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A gorgeous houseboat with a shockingly spacious interior can be yours for $375K

Pizza Hut unveils a zero-emissions delivery truck that makes pizzas on the go

November 5, 2018 by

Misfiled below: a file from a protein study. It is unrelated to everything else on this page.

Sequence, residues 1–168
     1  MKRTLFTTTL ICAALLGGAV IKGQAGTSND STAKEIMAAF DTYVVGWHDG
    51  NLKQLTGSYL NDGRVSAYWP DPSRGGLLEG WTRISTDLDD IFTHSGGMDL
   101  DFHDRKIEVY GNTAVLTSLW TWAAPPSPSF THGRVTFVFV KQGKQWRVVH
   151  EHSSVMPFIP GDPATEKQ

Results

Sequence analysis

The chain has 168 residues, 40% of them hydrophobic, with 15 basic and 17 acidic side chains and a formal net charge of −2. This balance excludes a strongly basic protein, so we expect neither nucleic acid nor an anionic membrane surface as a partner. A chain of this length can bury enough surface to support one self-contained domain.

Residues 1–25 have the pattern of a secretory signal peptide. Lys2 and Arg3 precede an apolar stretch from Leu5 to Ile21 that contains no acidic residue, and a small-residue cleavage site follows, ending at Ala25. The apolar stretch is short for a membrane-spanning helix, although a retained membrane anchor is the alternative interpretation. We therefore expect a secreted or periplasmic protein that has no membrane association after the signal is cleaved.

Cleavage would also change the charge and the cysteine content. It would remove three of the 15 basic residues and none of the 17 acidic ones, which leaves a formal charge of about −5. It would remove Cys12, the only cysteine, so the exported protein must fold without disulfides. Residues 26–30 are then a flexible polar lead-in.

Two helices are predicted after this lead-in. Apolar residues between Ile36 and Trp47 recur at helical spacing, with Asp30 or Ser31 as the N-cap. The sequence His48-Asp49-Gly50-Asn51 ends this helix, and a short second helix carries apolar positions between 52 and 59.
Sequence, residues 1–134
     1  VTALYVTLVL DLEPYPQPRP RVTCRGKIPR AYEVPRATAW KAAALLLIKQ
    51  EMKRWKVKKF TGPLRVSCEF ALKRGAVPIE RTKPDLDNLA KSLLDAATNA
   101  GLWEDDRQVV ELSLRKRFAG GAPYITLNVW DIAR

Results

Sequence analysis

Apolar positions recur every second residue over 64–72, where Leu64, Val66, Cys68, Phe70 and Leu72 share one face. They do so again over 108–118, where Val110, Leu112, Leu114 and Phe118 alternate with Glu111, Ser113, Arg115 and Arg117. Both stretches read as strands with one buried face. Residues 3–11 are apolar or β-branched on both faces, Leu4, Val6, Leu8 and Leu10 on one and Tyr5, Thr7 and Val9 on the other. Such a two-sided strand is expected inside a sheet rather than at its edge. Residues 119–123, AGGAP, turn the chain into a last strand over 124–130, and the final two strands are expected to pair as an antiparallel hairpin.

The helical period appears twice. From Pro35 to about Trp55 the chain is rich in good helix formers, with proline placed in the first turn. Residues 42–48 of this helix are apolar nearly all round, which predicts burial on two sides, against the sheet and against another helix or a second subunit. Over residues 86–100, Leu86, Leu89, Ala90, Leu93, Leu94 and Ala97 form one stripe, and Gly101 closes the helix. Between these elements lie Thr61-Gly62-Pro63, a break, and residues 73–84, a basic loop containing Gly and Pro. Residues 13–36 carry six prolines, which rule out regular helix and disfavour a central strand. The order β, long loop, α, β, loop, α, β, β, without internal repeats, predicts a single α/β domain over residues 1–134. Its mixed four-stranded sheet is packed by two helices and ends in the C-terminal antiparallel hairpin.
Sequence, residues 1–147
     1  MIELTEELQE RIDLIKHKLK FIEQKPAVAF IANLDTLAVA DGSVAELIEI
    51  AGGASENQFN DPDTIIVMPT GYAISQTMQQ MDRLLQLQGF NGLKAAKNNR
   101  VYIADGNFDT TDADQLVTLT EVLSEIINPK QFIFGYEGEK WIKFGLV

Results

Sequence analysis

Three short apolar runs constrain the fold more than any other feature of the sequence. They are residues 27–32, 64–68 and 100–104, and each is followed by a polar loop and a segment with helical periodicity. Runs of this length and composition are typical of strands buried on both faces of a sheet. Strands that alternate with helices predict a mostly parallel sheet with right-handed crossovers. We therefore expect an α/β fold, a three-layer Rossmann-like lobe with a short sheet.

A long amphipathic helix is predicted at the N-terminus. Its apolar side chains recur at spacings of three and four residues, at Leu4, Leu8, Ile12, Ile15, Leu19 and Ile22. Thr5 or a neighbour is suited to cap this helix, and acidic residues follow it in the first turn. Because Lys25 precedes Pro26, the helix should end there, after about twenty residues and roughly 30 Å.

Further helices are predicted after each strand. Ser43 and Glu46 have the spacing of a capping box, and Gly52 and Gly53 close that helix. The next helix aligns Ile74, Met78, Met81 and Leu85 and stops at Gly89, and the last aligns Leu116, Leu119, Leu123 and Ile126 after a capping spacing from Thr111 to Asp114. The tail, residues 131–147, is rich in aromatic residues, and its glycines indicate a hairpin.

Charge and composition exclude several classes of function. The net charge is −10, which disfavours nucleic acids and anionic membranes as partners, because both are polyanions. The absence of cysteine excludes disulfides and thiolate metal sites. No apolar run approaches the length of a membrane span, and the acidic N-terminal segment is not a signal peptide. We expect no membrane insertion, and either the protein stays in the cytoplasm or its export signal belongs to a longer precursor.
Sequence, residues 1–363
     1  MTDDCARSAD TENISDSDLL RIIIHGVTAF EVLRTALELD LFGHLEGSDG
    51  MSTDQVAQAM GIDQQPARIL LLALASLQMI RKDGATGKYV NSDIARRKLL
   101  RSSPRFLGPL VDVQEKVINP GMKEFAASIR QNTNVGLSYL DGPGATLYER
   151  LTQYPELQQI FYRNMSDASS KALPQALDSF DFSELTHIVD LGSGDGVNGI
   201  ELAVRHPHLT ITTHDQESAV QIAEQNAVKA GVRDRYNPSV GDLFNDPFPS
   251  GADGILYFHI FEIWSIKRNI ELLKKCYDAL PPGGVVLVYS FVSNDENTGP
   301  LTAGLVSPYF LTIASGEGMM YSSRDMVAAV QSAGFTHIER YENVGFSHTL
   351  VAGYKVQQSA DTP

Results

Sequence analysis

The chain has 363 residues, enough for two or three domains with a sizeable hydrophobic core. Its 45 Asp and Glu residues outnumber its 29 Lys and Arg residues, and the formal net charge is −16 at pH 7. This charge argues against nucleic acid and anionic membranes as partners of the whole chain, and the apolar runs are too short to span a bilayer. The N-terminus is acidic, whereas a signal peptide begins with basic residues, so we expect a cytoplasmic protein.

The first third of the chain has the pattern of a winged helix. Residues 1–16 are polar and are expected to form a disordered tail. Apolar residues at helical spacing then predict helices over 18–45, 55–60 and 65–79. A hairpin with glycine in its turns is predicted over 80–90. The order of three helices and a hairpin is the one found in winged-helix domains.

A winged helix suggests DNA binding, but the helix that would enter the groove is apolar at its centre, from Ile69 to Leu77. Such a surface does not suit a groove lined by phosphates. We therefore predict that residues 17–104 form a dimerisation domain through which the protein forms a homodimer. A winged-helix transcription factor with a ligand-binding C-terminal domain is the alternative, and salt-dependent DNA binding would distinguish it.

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Pizza Hut and Toyota have teamed up to bring fresh, piping hot pizza to your doorstep with the help of a roaming pizza machine. The Toyota Tundra PIE Pro is a full-size pickup truck with a complete pizza making factory in the back that is entirely operated by computer-guided robotic arms. Not only does the next generation of pizza delivery get the pizzas made and delivered in the blink of an eye, but the delivery trucks are also  zero emissions . The incredible design, which was unveiled at Toyota’s 2018 Specialty Equipment Market Association (SEMA) Show, is a truly unique invention. Although we’ve seen plenty of ingenious food trucks , the Tundra Pie Pro is quite possibly the future of pizza delivery. Related: Mouthwatering edible pizza box is waste-free because you can eat it The custom-made truck is installed with a unique truck bed that has been converted into an open-air kitchen. When a pizza order is placed, a pair of computer-guided robotic arms  open the refrigerator and remove the selected pizza. The arms then place the pies on a conveyor belt that passes under a high-speed, ventless oven. Once cooked to perfection, a second arm removes the pizza and places it on a cutting board, where it then cuts it into six identical slices. The arms even put the pizza into a box and off it goes to the customer. The entire process, from start to finish, takes up to seven minutes. Although the objective was to create a faster delivery system, the Pizza Hut and Toyota team were also focused on creating an eco-friendly vehicle. The team took the conventional gasoline-powered drivetrain of the Tundra out and replaced it with a hydrogen fuel-cell electric power unit to make the truck, as well as all of the kitchen components, emissions-free. According to Marianne Radley, chief brand officer of Pizza Hut, the ambitious project was focused on getting piping hot pizza to customers in a faster, more efficient way that won’t contaminate the environment. “Nothing tastes better than a fresh Pizza Hut pizza straight out of the oven,” Radley explained. “The Tundra PIE Pro brings to life our passion for innovation not just on our menu but in digital and delivery in order to provide the best possible customer experience.” + Toyota Tundra PIE Pro Via Core 77 Images via Pizza Hut